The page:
With summer just around the corner, strong, freshly brewed tea on the rocks becomes my drink of choice. But not just any tea. As a chef who is never content to leave well enough alone, I have set out to experiment by taking good-quality, but not expensive, whole-leaf
teas and roasting them just before brewing to infuse an extra layer of flavor into the brewed, iced drink. We all know how tasty a good houjicha can be with warm, almost caramel-like toasty notes and made from roasted Japanese green tea leaves with some stems attached that have been exposed to sunlight throughout their entire life cycle. Genmaicha, another green tea with quite a different roasted personality, gets its special flavor complexity from kernels of roasted rice and popped corn.
Each of these teas is made from the lower leaves of the tea plant, which tend to be more difficult to roll and are therefore chopped into smaller pieces. It is also true that the roasting softens the tannins in the tea and lowers the caffeine content somewhat. So I reasoned, why not add flavor to this season’s iced teas by taking some of the teas I favor hot and subjecting them to dry heat in a low oven or in a heavy, dry cast iron skillet on the stove top. What I found was that it is important to:
- Keep the heat low enough so that the leaves don’t burn.
- Stir the leaves often during the roasting process so that they are exposed to the heat evenly and take on enough fresh-roasted flavor, but not so much as to obliterate the distinctive flavor notes of the tea itself.
Coupling the roasted tea with lightly sweetened, flavored syrup made from seasonal fruit pays off in an addictive summer drink. Here’s how to do it.
Roasted Tea Leaves
I used Darjeeling tea leaves, but you can use any tea that you favor. For stove-top roasting, place 1 ounce of tea leaves in a dry, odor-free heavy skillet. Stirring the leaves constantly, heat on low until the leaves start to give off a roasted tea aroma. Immediately pour the leaves into a bowl or onto a clean sheet pan to cool. Set aside while you prepare the following fruit syrup. Using this amount of leaves, you can expect to brew up about 2 quarts of tea, counting approximately 3 grams of leaf per 6 ounces of water.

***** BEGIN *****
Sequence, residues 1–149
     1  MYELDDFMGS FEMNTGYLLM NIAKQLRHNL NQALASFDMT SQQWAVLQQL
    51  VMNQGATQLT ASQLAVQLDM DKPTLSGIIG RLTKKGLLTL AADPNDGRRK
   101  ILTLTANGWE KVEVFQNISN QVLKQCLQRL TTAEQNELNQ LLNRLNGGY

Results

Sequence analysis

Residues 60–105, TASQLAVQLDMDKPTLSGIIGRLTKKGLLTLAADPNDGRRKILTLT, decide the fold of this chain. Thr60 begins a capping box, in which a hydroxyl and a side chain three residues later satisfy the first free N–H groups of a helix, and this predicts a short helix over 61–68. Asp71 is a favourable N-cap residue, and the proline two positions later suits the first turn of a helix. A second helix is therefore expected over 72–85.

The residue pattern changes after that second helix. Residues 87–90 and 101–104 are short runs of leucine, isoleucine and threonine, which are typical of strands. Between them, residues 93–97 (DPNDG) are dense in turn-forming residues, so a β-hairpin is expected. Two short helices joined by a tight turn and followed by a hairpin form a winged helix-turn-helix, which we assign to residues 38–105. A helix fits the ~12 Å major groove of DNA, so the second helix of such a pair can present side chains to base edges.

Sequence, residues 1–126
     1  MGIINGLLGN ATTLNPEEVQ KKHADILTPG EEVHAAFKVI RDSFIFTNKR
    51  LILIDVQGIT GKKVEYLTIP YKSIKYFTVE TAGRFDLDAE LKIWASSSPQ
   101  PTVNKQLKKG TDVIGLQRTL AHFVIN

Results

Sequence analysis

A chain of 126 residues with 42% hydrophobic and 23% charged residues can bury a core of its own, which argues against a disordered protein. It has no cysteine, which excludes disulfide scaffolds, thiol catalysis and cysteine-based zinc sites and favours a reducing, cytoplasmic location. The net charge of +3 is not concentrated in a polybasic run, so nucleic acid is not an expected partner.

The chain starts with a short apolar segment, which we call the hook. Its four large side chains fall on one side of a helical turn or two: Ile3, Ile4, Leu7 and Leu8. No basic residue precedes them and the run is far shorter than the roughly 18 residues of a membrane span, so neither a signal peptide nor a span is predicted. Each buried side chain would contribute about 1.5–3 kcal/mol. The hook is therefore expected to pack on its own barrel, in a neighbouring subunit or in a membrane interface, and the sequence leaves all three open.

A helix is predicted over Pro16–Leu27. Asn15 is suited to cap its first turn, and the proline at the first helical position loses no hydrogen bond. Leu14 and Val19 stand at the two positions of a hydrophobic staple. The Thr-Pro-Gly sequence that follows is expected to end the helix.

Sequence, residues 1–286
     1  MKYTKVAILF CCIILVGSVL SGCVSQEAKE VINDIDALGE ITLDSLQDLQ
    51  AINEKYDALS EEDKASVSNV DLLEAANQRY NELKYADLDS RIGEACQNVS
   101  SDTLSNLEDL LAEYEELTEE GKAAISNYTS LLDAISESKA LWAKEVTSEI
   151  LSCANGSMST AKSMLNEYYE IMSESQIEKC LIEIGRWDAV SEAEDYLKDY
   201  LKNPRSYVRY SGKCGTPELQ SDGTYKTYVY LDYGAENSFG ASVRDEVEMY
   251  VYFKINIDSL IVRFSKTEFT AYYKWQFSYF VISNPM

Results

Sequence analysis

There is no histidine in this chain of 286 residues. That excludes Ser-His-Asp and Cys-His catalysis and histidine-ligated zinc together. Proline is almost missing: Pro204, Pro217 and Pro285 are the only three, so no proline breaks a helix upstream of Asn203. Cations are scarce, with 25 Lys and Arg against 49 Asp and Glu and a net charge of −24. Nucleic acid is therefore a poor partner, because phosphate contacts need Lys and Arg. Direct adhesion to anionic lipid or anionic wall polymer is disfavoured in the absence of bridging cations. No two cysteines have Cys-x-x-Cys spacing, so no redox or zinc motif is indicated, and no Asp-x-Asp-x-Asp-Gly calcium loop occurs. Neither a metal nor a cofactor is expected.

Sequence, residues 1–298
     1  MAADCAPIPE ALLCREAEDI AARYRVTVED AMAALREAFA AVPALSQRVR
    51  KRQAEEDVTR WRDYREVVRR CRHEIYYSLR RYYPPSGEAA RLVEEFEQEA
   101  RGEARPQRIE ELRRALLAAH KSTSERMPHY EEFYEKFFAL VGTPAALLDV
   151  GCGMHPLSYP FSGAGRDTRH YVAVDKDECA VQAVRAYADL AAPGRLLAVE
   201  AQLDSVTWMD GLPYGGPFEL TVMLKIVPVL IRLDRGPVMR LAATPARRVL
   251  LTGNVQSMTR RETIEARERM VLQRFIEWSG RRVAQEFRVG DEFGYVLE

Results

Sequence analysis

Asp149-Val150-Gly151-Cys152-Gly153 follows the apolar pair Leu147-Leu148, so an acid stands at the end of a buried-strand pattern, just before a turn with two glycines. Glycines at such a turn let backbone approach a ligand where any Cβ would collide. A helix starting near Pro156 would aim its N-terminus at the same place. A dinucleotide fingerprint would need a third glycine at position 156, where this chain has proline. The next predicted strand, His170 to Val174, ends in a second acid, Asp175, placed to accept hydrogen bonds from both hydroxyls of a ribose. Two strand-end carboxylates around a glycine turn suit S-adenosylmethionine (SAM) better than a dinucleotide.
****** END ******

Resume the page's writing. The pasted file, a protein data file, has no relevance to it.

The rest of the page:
Yield: Approximately 16 ounces of syrup, or 32 servings, depending on how sweet you wish the iced tea to be.
1 lb. fresh highly aromatic peaches, peeled, halved, and pitted
8 ounces granulated sugar
8 ounces water
Peel, pit, and then halve the peaches. Prepare a simple syrup by cooking the sugar and water together in a heavy 2-quart saucepan. Boil until the sugar dissolves and then add the peaches. Lower the heat to a simmer and cook until the peaches are tender and even somewhat disintegrating. Now remove the mixture from the heat and pour the fruit and syrup through a fine meshed sieve set over a bowl to collect the juices. Reserve the drained fruit as a topping for ice cream, yogurt, or fresh ricotta. Pour the syrup into a covered container and refrigerate for up to one month.
Brew the tea as you would for a hot beverage, using about 3 grams per 6 ounces of 212 F. water. Allow the tea to steep until you have achieved the proper degree of strength in the brew (about 3 to 5 minutes). Sieve out the leaves and discard. Pour the resulting liquid into a tall glass, add the peach syrup to taste, and then add ice. Stir and enjoy!
What an interesting idea. I didn’t realize one could re-roast the tea leaves. I’m curious if it can only be used for iced tea? Why not trying it with hot tea or will the flavor be too strong and bitter? I imagine one could concoct a fruit blend using the same syrup as well and add it to the hot tea. I’m also curious why the caffeine gets reduced with this method. If roasting reduced caffeine, then I would expect black teas to be lower in caffeine than greens which isn’t the case. Is it the later roasting that softens the tannins which result in the lower caffeine?
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